“Germaine came in, about eight o’clock, looking very drawn and pale. I told her so. ‘You’re looking concave. That’s wrong. Germaine Greer should look convex.’ She stuck out her breasts. I served her supper. She never compliments me. I said, ‘You’re not getting enough rest.’ She said, “I use a lot of rouge.’ ‘No,’ I said, ‘that’s not good enough. You must rest.’ It gave me a thrill to tell her what to do. She said, ‘I’m getting wrinkled, and the stress wrinkles I most resent are those here’—and she traced them down from her lower lip to her chin—‘which come from having to restrain myself from saying exactly what I think about everything.’ I laughed and wanted to say, ‘You restrain yourself?’ but said, ‘You should say everything you want.’ She made a face. I was pleased that she ate a lot of supper.”

All too soon, Plante leaves Greer at the lake house and all is as it was: Nikos, London, this and that.

On the plane ride over to London, there is this, which is, for this reader, the final straw:

“Before the airplane took off, I noted, at the far end of the row of seats I’m in, Allen Ginsberg stand up and take out from the overhead locker a canvas bag from which, still standing, he took out and put back papers and magazines as if he couldn’t decide which ones he wanted to read. As there were not yet passengers between us, I leaned forward, when he sat, and introduced myself. I said we’d met years ago through Stephen Spender. ‘Oh, yes,’ he said, ‘I met you in New Orleans.’ He thinks I’m Bryan. ‘No,’ I said, ‘I’m another friend of Stephen.’ Ginsberg smiled. Then the passengers came to take the seats between us.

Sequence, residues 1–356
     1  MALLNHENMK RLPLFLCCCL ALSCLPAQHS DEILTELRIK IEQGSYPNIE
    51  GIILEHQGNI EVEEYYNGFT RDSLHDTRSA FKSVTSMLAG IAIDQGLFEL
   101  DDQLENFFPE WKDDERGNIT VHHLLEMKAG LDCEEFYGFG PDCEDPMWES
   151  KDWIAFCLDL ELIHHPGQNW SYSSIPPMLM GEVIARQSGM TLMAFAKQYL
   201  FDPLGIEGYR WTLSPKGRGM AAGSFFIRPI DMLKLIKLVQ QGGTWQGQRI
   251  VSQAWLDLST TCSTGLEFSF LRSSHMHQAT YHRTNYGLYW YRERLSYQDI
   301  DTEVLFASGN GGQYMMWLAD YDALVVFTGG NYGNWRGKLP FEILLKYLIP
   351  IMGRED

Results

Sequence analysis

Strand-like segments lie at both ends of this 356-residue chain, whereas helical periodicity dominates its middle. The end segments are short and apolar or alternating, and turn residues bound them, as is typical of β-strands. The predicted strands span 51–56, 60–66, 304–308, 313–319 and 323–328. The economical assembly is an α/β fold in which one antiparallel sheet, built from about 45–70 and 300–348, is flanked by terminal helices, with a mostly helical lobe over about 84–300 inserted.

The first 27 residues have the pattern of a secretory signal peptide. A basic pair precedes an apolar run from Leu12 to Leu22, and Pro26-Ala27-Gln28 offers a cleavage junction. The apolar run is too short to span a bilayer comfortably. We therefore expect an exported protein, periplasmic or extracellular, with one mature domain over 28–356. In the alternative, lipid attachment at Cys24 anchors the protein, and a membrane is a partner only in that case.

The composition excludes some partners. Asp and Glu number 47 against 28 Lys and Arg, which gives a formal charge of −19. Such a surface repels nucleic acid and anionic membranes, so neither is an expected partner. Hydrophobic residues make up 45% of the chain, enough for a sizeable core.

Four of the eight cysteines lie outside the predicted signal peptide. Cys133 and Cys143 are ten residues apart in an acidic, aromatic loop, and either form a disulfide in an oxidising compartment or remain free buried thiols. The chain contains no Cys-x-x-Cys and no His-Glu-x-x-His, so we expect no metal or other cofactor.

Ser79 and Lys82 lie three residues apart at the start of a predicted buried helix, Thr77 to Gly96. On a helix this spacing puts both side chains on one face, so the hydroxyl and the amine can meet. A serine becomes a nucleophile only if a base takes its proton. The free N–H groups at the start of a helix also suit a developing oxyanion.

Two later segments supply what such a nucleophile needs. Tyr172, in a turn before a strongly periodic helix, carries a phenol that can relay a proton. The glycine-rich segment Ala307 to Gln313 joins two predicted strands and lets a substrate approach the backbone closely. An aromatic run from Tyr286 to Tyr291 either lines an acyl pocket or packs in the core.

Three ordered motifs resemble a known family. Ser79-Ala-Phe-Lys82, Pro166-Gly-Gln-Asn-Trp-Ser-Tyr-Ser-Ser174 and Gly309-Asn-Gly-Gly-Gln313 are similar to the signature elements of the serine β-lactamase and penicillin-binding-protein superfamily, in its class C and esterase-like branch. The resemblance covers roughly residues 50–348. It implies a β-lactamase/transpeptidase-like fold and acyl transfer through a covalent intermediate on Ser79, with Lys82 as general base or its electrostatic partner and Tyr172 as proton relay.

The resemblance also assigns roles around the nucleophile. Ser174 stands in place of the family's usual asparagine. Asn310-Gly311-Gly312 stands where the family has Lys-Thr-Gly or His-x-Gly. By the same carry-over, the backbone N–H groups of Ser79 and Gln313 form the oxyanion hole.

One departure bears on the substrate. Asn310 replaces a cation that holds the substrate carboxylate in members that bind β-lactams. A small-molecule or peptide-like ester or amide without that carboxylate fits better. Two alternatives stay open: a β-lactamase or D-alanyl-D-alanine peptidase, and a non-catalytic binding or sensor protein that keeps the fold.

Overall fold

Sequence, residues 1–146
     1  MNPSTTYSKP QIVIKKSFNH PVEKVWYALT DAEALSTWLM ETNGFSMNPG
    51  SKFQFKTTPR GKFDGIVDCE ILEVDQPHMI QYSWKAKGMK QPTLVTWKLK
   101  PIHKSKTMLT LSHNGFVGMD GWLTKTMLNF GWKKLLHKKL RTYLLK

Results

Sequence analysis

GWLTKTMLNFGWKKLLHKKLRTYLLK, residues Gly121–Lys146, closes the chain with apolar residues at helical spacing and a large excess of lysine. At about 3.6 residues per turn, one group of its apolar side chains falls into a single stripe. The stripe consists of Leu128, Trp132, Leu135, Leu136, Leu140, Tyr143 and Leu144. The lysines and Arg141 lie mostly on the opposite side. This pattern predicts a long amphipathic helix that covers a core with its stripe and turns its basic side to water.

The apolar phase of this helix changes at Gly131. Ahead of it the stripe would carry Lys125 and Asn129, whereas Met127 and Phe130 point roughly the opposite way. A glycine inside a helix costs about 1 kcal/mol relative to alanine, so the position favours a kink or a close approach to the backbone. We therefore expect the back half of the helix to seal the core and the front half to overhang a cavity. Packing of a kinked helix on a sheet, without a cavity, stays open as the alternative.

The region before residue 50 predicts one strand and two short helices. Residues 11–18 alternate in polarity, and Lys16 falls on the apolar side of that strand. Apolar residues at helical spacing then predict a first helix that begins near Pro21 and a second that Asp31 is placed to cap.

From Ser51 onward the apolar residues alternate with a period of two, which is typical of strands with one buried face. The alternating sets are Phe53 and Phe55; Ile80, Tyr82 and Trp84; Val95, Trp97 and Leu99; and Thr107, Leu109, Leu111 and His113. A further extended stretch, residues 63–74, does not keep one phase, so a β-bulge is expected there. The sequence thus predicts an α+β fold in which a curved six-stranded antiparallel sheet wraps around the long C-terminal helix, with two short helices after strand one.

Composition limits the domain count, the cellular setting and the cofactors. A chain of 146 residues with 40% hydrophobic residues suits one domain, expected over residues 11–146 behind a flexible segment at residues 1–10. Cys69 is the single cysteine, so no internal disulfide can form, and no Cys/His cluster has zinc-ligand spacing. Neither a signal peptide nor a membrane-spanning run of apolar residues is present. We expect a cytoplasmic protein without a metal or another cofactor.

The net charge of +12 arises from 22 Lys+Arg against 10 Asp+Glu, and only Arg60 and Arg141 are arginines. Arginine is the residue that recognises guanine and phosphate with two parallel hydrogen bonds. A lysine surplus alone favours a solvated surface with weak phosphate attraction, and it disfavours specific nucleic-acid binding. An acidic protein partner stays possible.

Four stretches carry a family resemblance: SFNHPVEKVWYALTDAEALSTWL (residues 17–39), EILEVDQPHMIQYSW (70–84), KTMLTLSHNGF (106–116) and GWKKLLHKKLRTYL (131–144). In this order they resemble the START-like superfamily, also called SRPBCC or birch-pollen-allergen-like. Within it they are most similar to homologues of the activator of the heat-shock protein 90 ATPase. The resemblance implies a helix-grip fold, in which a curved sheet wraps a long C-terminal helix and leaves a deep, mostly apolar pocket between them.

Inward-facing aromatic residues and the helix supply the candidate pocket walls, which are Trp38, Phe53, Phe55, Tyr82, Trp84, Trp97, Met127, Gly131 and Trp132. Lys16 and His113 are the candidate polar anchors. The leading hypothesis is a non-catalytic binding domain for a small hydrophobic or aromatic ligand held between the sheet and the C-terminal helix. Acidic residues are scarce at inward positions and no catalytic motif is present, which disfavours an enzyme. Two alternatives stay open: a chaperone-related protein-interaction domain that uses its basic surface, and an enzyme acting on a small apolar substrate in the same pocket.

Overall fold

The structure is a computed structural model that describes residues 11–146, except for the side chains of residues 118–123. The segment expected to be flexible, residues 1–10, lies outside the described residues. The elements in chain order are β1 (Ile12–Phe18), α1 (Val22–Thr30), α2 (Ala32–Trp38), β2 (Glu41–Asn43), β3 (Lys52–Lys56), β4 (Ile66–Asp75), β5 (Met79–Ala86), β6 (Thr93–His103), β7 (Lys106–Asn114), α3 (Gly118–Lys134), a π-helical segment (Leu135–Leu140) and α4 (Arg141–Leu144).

“I realized I have little interest in Allen Ginsberg.”

Having worked his way through Worlds Apart, the reader concludes that, despite the fact that he seems always in motion, moving geographically from here to there, Plante’s life seems incredibly small as it is limited to those things he can himself see, taste, smell and, upon occasion, fuck. This is a world comprised of dinner parties and fine paintings which can be just about afforded; it is a world devoid of politics, other than as dinner table conversation; of interests in other persons other than the important and/or the sexy; of interests in general; in fact, other than one’s artistic output, one’s sexuality, and, of course, one’s self.

David Plante presents himself as being, like Christopher Isherwood, a camera, a writer whose chief talent is as a witness. Sadly, however, unlike Isherwood, he shoots nothing but selfies.